Sept. 1, 2013
Remembering Elmore “Dutch” Leonard
In the summer of 1974, when I was just about to turn 16, I was talking to my dad’s friend, Larry, explaining what it was that I wanted to do with my life, which was to be a film director-writer. Larry said, “You need to talk to my buddy, ‘Dutch’ Leonard, he’s a screenwriter.” I said, “You know Elmore Leonard?” Larry said, “Sure. You know who he is?” I said, “Of course I do, he’s written a bunch of films I really like.” Larry said, “Then I’ll set it up.”
Elmore “Dutch” Leonard was not world-famous at that point, but he was certainly the most successful screenwriter in Michigan. He wrote a movie that had just come out, Mr. Majestyk, with Charles Bronson, that was still in the theaters. He had also written a number of other films that I liked, such as: Hombre with Paul Newman, Joe Kidd with Clint Eastwood, 3:10 to Yuma with Glenn Ford, The Tall T with Randolph Scott and directed by Budd Boetticher, and particularly, Valdez is Coming with Burt Lancaster, that I’d seen several times.
So, one pretty summer day my dad drove me over to “Dutch” Leonard’s little house in Birmingham, Michigan, just a few miles from where we lived, dropped me off and said he’d be back in a few hours.
I knocked on the door and Dutch answered. He asked me in and we stood awkwardly in his living room attempting small talk. He said, “So, you want to be a screenwriter, eh?” and I said, “Yeah, and a director, too.” He said, “Have you made any films?” and I said, “Yeah, some Super-8 films.” He said, “How’d that go?” and I said, “Pretty good, though I haven’t made any good films yet.” We stood there awkwardly for another minute, then he said, “Hey, wanna see where I write?” and I said, “Sure.”
Dutch led me down into the basement where his desk and typewriter were located. He pointed at the desk and typewriter and said, “This is where I write.” Then to prove it he rolled a piece of paper into the typewriter. I said, “Wow.” Thus ended the writing lesson. Dutch then smiled and asked, “Want some wine? I make it myself. It’s apple wine.” I said, “Sure,” and just assumed that he thought I was older than nearly 16 because of my beard. Dutch got us both big glasses of apple wine, which was very good, and we sat down and lit cigarettes. I then grilled him about his films, saying that I really liked Valdez is Coming. He said, “Yeah, that was a good one. I just wrote the book, not the script.” I asked what Burt Lancaster, one of my very favorite actors, was like? Dutch said, “I never met him. They don’t invite the guy who wrote the book to the set.” I asked, “What was Paul Newman like on Hombre?” Once again he said, “Never met him, I just wrote the book.” I asked, “What was Charles Bronson like on Mr. Majestyk?” He shook his head, “I never met him, either, although I did write the script for that one.” Having exhausted my knowledge of his films, and feeling a bit tipsy, we moved on to movies in general, my favorite topic. Dutch had seen a lot of films, as had I for a nearly 16-year-old, and we then had a spirited film discussion. We each had another glass of wine, smoked more cigarettes, and the time just flew past.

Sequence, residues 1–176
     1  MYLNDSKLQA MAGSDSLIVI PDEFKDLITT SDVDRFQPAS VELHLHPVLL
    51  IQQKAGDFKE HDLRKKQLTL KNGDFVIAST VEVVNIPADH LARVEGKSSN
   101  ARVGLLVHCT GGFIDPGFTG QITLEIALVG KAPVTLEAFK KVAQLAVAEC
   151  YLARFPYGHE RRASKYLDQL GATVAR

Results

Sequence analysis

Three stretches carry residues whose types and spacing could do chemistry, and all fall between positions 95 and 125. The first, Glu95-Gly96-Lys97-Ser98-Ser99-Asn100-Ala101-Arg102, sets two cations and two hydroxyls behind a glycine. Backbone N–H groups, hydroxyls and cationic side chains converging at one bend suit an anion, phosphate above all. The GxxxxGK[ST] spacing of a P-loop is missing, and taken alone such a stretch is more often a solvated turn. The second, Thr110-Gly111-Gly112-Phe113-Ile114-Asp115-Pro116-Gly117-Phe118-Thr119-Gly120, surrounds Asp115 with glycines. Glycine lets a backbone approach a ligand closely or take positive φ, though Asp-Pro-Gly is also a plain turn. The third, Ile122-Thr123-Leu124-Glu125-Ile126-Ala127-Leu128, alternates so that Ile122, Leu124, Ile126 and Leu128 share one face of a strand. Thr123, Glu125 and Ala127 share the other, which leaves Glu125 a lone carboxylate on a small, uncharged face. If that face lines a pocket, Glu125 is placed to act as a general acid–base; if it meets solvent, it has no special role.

My dad showed up to get me. I thanked Dutch for his time and the wine, then left. In the car my dad asked, “Did you learn anything about writing scripts?” I said, “Yeah, a lot.” My dad lit a cigarette and said, “Then it was worth it.” I too lit a cigarette and said, “It sure was.”
A couple of years later, I was up at Strike & Spare bowling alley where my buddy, John, was the bartender and gave me free drinks. I was there with John’s best buddy, Mike. I saw my gorgeous former girlfriend, Chiara Sherwood, come in with Bill Leonard, Elmore’s son, whom I’d met a couple of times before. I became breathless. I said, “I have to talk to Chiara.” Mike said, “She’s with Bill Leonard.” I said, “I don’t care, I have to talk to her.” So I went up to the alley where Chiara and Bill were about to start bowling. I said hi to Bill and shook his hand, then turned to Chiara and stammered some indecipherable bullshit. Chiara smiled sweetly and after a minute or two more of me spouting pure gibberish I retreated back to the bar. I was giddy at having just laid eyes on the beautiful Chiara.
I said to Mike, “How do you think I did?”
Mike replied in his patented dry tone, pointing down toward my waist, “I’m sure you did great since your fly is open.”
And indeed it was. I became horribly embarrassed, zipped up and ordered another drink.